What happens to a dream deferred? In the case of Tinton Falls developer David Portman, the long wait is over for his dream to come true. After languishing for more than 30 years, his vision for a kosher, not-for-profit Jewish rehab and skilled nursing home in central New Jersey is being realized in Freehold.
The history of the projects harks back to the early 1980s and is a tale sparked by inspiration, but filled with frustration. “I first wanted to situate the facility in the Berkeley Carteret Hotel — now known as the Berkeley Oceanfront — in Asbury Park,” said Portman. “I intended to have some independent residents, some who needed assisted living — which at that time was called ‘congregant care’ — and some who needed skilled nurses. It would have been a foretaste of today’s continuing care retirement communities.”
The project never got off the ground, Portman said, because Asbury Park’s government officials and merchants still had hopes of bringing the Berkeley back as a stopping place for tourists and vacationers. There were later attempts, too, but all fizzled until 2013, when site approvals began in Freehold.
Portman, president of Triad Group, along with two partners, is responsible for the adjacent Pond View Professional Park, a four-building medical/professional office complex. He said the new facility, to be known as The Jewish Home for Rehabilitation & Nursing, will have 150 beds — 60 for rehab residents, 60 for those needing subacute, post-hospital care, and 30 in a secure memory unit.
“Obviously, I want the home to be able to help people heal physically, but I also want it to reinforce a sense of Jewish identity,” Portman, 75, told NJJN. “Ever since I hatched this concept more than three decades ago, I’ve always thought of it as a place where Jewish people could be comfortable in their later years while continuing to share elements of their cultural identity.”
A marketing plan prepared by the home’s development team notes that eight counties in New Jersey rank among the highest in the nation in terms of Jewish population percentage. Three of these counties are an easy drive from Freehold — Monmouth, with an estimated 64,000 Jews; Ocean, with 61,500; and Middlesex, 52,000.
“The demographics in this area are very favorable for a kosher facility,” said Portman. “Along the Route 9 corridor, and if you throw in Route 18 from Old Bridge to Highland Park, there are five all-kosher grocery stores and a number of kosher restaurants, including three in Manalapan and one on the Freehold/Manalapan boundary line.”
The home will also have a large front room designated as a synagogue, and a chaplain will help deal with residents’ spiritual needs and lead daily services in the Orthodox tradition. There will even be an automatic elevator for the Shabbat-observant.
Although Portman’s firm is involved in building and property management, and he is the lead donor for the $24 million project, the contractor is Barcon, Inc., of Freehold.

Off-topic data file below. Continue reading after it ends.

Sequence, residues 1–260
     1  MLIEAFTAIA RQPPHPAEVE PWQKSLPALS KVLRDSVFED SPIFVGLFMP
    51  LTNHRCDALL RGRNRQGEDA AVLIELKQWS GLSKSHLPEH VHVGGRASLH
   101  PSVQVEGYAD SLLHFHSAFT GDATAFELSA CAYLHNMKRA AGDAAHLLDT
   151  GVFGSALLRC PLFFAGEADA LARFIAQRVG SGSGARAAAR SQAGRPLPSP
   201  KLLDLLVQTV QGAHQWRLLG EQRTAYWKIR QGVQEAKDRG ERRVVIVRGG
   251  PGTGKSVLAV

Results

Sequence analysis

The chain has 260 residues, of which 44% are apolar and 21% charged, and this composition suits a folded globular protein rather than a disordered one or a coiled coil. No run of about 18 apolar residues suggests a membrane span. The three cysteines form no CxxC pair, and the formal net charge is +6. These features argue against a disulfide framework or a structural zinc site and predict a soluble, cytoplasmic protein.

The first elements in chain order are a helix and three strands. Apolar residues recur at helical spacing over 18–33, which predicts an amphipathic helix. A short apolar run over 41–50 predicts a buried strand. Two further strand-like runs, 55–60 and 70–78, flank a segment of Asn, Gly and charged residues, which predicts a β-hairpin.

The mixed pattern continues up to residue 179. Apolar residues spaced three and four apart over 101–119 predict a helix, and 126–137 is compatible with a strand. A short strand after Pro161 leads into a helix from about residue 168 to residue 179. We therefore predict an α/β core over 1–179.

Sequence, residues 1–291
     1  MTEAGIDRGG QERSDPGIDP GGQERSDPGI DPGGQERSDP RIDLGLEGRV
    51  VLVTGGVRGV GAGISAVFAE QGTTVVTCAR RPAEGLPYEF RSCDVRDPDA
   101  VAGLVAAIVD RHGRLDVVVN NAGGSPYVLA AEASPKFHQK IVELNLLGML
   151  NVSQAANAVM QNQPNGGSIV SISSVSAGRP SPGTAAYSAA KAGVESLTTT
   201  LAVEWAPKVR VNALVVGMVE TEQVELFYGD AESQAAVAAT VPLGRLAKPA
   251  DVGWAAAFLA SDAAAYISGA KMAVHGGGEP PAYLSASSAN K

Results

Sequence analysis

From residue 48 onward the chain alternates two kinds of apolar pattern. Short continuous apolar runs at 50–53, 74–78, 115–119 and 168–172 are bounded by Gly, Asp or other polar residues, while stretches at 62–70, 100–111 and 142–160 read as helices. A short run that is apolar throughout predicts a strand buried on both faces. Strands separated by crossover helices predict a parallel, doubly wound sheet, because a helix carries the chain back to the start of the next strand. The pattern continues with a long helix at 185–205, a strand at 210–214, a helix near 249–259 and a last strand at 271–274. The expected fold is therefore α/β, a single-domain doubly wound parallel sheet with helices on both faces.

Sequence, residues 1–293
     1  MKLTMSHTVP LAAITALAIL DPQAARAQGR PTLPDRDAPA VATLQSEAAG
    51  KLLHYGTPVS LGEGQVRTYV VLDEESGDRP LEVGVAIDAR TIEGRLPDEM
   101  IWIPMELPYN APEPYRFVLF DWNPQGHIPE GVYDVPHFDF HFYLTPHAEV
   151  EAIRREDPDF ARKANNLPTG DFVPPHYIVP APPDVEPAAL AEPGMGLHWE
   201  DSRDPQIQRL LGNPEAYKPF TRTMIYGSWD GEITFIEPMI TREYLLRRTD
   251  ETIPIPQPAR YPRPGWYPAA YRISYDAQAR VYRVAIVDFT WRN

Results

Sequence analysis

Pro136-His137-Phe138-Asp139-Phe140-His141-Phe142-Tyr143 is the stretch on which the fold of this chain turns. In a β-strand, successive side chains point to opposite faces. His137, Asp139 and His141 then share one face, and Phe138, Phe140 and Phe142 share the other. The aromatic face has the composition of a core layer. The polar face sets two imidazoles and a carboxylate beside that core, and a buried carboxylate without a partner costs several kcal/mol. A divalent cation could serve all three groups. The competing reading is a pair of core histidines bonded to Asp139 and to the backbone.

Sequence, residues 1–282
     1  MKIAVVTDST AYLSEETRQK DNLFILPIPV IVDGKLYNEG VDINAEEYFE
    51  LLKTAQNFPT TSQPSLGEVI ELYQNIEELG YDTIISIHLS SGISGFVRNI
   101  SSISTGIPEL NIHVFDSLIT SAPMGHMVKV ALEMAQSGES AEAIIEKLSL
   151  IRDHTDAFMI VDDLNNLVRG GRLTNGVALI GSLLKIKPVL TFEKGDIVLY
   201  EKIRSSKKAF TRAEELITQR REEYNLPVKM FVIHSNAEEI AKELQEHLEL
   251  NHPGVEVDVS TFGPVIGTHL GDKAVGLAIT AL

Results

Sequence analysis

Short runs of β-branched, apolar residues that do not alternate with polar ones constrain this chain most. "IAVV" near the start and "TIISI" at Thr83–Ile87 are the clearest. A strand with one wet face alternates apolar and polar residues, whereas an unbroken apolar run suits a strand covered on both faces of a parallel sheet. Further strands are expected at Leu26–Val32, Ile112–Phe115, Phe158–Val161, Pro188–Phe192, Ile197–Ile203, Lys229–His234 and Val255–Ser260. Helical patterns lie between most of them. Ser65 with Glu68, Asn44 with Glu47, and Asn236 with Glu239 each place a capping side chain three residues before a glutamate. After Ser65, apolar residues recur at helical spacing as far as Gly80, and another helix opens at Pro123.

“A nursing home must be purpose-built. You just can’t take an existing building, do a little cleanup, and start operating,” said Barry Franklin, Barcon’s president, who said he is targeting November 2017 for the grand opening. “There are all sorts of special requirements and stringent regulations coming at you from federal, state, and local authorities.”
BH Healthcare Management LLC, an affiliate of Caring Health Systems, Lakewood, will be handling the facility’s day-to-day operations, Portman said.
Rabbi Ben Schachter, a BH managing member, expects a staff of approximately 150, including registered nurses, licensed practical nurses, certified nursing aides, social workers, dietitians, physical and psychological therapists, kitchen personnel, supervised by a mashgiach (all meat will be glatt kosher), and housekeeping and maintenance crews.
“Some will be employees, others will be contracted outside vendors, and, of course, volunteers will be welcome,” he added.
A medical director will establish and monitor policies and procedures and will work with visiting physicians and specialists. Nursing services to be provided include peritoneal dialysis, chest tube care, total parenteral nutrition, IV antibiotics, wound therapy, congestive heart failure monitoring, post-stroke care, accident trauma, orthopedics, pulmonary care, psychiatry, and geriatrics.
Plans also call for an outdoor terrace, a memory garden, and other softening touches intended to make residents as comfortable as possible.
The home, Portman said, is in an ideal spot. It is centrally located — just one mile from CentraState Medical Center, a leading area hospital, and close to Route 9, an artery that runs all the way from below Lakewood in Ocean County to well above Woodbridge in northern Middlesex County. He added that there are also five major hospitals within 16 miles, and Robert Wood Johnson University Hospital in New Brunswick is less than 50 minutes away by car.
Work on the 12.2-acre property — located at 1151 West Main St. (Route 537), near the corner of Gravel Hill Road — has been under way since June 20, and the frame for the three-story, 87,000-square-foot structure is nearing completion. Portman said the official ground breaking will likely take place in the coming months.